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Re: [IP] Site Lump



wm:
Also:

I must add that I am relatively well controlled. (But I think based on all
the mail I read and how particular others are that maybe I should not be so
laid back about my life long situation.

Paula
----------
> From: email @ redacted
> To: email @ redacted
> Subject: Re: [IP] Site Lump
> Date: Wednesday, July 22, 1998 10:31 AM
> 
I wonder if infections are a real problem in well controlled pumpers.
There is so much over emphasis on cleanliness, but most of us used to reuse
syringes, reuse lancets, inject through clothing, etc. and never have had
problems.  How many on this list have ever had a real full blown site
infection since going on the pump that your own immune system did not
spontaneously clear up?
-wm

<<<<<<<<<<<From: email @ redacted
Subject: Re: [IP] Site Lump

In a message dated 7/21/98 8:25:26 PM Eastern Daylight Time,
email @ redacted
writes:

<<  I would guess that our bodies are constantly fighting small
 bacterial invasions and that when they loose we get what they call an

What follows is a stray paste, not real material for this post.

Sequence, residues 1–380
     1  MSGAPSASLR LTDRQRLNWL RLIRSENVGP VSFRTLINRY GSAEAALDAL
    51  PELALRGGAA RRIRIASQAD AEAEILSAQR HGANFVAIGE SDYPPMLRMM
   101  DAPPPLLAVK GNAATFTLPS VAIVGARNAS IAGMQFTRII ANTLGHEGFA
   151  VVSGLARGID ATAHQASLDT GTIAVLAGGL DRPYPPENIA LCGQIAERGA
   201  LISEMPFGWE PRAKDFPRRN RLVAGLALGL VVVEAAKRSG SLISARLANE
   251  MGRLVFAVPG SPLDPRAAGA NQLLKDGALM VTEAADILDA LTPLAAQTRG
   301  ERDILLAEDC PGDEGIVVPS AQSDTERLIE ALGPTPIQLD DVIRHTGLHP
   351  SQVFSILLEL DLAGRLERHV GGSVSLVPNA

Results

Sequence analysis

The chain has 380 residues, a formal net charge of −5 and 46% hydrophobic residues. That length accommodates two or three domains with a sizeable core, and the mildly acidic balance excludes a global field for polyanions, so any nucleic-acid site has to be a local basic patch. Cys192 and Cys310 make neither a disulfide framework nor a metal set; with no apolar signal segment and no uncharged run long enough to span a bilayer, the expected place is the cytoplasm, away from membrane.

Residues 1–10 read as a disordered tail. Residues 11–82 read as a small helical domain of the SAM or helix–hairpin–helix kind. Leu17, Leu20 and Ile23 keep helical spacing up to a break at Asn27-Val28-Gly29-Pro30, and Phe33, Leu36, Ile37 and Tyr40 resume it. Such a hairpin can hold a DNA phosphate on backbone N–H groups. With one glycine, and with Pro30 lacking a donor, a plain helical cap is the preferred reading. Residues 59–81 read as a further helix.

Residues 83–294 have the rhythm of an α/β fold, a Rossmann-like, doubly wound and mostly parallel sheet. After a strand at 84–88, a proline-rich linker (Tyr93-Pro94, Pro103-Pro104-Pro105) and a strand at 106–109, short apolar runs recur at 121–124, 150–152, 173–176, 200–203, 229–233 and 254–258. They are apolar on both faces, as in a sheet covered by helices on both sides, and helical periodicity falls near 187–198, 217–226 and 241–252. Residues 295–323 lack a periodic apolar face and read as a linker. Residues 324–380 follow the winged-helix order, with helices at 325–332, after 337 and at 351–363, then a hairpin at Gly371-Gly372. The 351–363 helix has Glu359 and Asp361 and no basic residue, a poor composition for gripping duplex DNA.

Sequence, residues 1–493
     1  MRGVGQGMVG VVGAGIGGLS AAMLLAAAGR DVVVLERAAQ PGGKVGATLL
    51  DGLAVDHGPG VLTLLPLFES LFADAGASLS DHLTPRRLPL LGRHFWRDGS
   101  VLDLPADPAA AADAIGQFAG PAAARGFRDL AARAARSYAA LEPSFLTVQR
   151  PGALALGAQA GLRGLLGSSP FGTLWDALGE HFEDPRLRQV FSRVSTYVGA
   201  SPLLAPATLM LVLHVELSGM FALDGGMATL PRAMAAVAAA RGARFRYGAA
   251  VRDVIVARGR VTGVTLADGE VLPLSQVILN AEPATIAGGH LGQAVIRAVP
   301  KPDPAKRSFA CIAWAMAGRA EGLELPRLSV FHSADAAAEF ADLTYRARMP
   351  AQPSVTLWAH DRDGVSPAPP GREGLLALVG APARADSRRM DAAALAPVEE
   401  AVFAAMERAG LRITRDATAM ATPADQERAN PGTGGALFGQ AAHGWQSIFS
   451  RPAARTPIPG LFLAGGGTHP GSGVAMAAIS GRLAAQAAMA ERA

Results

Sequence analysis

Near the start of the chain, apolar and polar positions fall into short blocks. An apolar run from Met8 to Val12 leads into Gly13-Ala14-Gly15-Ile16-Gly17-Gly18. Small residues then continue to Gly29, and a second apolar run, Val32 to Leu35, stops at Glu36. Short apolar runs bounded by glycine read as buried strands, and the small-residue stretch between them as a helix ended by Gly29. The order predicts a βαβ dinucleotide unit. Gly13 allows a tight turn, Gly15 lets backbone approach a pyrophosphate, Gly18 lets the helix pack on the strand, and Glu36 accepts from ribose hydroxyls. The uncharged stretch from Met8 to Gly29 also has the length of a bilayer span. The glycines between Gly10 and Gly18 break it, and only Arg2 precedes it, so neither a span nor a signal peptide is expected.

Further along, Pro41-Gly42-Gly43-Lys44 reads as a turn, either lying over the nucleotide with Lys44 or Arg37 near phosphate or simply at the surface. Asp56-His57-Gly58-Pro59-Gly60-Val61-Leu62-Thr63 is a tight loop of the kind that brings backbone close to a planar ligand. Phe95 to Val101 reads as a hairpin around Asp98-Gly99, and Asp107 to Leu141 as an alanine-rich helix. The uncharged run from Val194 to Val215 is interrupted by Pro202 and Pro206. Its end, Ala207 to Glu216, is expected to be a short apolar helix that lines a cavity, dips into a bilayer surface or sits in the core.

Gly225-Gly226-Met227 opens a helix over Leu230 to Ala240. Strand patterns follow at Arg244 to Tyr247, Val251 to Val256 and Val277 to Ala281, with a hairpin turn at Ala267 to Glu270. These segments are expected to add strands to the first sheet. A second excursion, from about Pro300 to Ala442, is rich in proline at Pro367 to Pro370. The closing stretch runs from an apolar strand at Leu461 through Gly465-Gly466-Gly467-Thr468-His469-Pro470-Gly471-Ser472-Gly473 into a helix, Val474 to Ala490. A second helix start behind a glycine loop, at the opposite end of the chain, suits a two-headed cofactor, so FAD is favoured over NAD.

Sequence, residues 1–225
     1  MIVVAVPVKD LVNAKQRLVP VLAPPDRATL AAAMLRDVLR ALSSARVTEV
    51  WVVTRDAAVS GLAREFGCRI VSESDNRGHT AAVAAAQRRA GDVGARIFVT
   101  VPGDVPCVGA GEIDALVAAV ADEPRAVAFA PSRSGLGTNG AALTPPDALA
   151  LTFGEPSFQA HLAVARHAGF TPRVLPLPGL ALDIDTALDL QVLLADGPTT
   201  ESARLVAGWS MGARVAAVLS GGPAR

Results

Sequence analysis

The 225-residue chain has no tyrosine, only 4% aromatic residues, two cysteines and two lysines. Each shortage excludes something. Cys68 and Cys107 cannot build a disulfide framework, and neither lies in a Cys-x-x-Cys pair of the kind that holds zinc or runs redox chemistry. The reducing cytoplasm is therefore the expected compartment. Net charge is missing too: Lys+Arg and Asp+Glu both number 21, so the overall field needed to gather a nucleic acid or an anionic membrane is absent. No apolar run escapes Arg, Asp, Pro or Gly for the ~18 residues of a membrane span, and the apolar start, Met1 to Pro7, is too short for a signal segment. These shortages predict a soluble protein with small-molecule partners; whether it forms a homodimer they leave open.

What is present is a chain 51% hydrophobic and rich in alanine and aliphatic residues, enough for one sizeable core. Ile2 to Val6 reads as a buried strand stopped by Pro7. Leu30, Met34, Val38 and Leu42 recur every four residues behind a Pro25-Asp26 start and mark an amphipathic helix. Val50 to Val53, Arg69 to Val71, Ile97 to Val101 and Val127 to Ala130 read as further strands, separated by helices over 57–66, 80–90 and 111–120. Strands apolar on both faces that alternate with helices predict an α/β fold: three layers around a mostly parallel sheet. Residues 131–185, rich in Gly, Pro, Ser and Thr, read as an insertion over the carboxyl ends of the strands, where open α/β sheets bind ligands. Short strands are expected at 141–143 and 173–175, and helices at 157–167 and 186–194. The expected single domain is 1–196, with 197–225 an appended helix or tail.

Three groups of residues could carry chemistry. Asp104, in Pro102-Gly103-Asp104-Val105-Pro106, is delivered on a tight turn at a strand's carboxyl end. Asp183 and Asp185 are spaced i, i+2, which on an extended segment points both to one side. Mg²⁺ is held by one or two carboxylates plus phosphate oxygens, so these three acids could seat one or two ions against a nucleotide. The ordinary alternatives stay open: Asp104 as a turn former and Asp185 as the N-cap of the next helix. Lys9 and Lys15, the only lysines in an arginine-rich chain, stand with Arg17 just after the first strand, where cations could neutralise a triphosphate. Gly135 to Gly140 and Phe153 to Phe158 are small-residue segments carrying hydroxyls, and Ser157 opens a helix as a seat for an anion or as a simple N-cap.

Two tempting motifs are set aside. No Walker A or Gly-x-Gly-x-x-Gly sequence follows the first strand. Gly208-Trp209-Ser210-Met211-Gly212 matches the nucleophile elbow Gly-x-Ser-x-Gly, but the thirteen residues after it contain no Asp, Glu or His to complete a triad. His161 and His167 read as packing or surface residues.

infection.

 Seems like Barb might have real medical info here? >>
Here goes....These site infections can develop into major abcesses that if
allowed to get out of hand, can lead to major systemic septic infections.
(Total body infection in the blood stream)  As a diabetic, you have to be
especially vigilant.  Those infection fighting white blood cells cannot
fight
infection when BG is over 160-200 range (YMMV)  Depending on the organism,
especially some types of bacteria, glucose and insulin is used by those
little
critters for their own growth, stealing your insulin and keeping your BG
up!
So be careful with cleaning sites and be careful about how long you keep
one
in place.  As a professional, I am obligated to advise my patients to
change
sites every 2-3 days, depending on infusion device and insulin used. (Keeps
my
malpractice insurance people happy!)  I do, however, know that not all
people
choose to follow this advice.  Consider this...how much is a new set and
new
site worth to you compared to the cost of a visit to the MD and the
antibiotic
prescription?...or the cost of a hospital admission for a major infection
treatment.  Septic shock is not a pleasant experience.  My apologies if
this
upsets anyone.

Barbara B.>>>>>>>>>>>>>>>>>

_____________
Wayne Mitzner
Department of Environmental Health Sciences
The Johns Hopkins School of Hygiene and Public Health
615 N. Wolfe St.
Baltimore, MD 21205
Tel. 410 614 5446
Fax 410 955 0299


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